not participate directly in the talks.

Reference to the Security Council

The Paris Agreement broke down just after Ahmadinejad’s election; Iran rejected as insufficient
an EU-3 offer to assist Iran with peaceful uses of nuclear energy and provide limited security
guarantees in exchange for Iran’s (1) permanently ending uranium enrichment; (2) dismantling

22

For text of the agreement, see http://www.iaea.org/NewsCenter/Focus/IaeaIran/eu_iran14112004.shtml. EU-3-Iran
negotiations on a permanent nuclear pact began on December 13, 2004, and related talks on a trade and cooperation
accord (TCA) began in January 2005.

Iran: U.S. Concerns and Policy Responses

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32

the Arak heavy-water reactor;23

(3) no-notice nuclear inspections; and (4) a pledge not to leave
the NPT (it has a legal exit clause). On August 8, 2005, Iran broke the IAEA seals and began
uranium “conversion” (one step before enrichment) at its Esfahan facility. On September 24,
2005, the IAEA Board declared Iran in non-compliance with the NPT and decided to refer the
issue to the Security Council,24

but no time frame was set for the referral. After Iran resumed
enrichment activities, on February 4, 2006, the IAEA board voted 27-325

to refer the case to the
Security Council. On March 29, 2006, the Council agreed on a presidency “statement” setting a
30-day time limit (April 28, 2006) for ceasing enrichment.26

Establishment of “P5+1” Contact Group/ Incentive Package

Taking a multilateral approach, the George W. Bush Administration offered on May 31, 2006, to
join the nuclear talks with Iran if Iran first suspends its uranium enrichment. Such talks would
center on a package of incentives and possible sanctions—formally agreed on June 1, 2006—by a
newly formed group of nations, the so-called “Permanent Five Plus 1” (P5+1: United States,
Russia, China, France, Britain, and Germany). EU representative Javier Solana formally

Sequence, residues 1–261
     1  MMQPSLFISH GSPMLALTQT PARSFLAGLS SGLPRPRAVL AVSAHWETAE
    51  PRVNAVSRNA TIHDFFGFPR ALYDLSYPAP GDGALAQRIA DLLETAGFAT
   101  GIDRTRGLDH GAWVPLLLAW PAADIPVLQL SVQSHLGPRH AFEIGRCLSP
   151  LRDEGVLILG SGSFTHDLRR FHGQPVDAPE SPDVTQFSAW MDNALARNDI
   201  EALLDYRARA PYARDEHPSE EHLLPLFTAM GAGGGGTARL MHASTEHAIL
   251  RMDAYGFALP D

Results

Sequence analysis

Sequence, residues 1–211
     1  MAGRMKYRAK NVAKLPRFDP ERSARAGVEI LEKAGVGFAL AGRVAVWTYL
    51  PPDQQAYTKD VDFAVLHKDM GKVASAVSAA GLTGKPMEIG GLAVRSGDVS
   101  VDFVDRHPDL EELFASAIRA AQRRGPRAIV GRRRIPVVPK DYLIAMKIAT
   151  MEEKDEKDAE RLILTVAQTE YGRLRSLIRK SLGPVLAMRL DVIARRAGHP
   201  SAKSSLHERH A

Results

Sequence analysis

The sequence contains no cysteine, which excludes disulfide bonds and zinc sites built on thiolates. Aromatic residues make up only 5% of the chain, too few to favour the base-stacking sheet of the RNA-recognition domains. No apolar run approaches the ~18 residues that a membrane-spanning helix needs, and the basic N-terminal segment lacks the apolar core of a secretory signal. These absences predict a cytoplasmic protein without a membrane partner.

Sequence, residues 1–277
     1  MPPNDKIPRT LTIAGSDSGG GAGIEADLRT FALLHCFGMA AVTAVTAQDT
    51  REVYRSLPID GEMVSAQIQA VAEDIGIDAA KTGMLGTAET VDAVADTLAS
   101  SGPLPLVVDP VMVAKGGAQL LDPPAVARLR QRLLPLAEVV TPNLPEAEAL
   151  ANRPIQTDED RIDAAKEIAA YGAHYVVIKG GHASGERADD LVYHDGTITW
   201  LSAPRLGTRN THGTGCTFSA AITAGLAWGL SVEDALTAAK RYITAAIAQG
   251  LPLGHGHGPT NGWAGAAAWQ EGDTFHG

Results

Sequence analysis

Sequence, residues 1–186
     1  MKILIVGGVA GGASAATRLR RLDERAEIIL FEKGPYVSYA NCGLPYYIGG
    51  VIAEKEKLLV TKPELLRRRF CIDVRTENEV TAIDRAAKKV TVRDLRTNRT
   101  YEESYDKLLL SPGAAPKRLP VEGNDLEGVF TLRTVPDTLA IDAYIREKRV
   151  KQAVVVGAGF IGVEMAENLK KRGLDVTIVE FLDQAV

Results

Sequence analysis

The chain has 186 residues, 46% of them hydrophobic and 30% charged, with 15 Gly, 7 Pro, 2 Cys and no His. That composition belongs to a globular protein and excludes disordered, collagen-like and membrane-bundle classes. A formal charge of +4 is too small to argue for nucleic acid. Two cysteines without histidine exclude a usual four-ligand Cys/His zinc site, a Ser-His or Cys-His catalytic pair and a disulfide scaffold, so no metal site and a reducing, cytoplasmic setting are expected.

presented the P5+1 offer to Iran on June 6, 2006. The incentive package is Annex I to Resolution
1747, and the offer remains on the table as of 2012, according to U.S. and EU diplomats:

Incentives:

• Negotiations on an EU-Iran trade agreements and acceptance of Iran into the
World Trade Organization.
• Easing of U.S. sanctions to permit sales to Iran of commercial aircraft/parts.
• Sale to Iran of a light-water nuclear reactor and guarantees of nuclear fuel
(including a five-year buffer stock of fuel), and possible sales of light-water
research reactors for medicine and agriculture applications.
• An “energy partnership” between Iran and the EU, including help for Iran to
modernize its oil and gas sector and to build export pipelines.
• Support for a regional security forum for the Persian Gulf, and support for the
objective of a WMD free zone for the Middle East.
• The possibility of eventually allowing Iran to resume uranium enrichment if it
complies with all outstanding IAEA requirements.

23

In November 2006, the IAEA, at U.S. urging, declined to provide technical assistance to the Arak facility.

24

Voting in favor: United States, Australia, Britain, France, Germany, Canada, Argentina, Belgium, Ghana, Ecuador,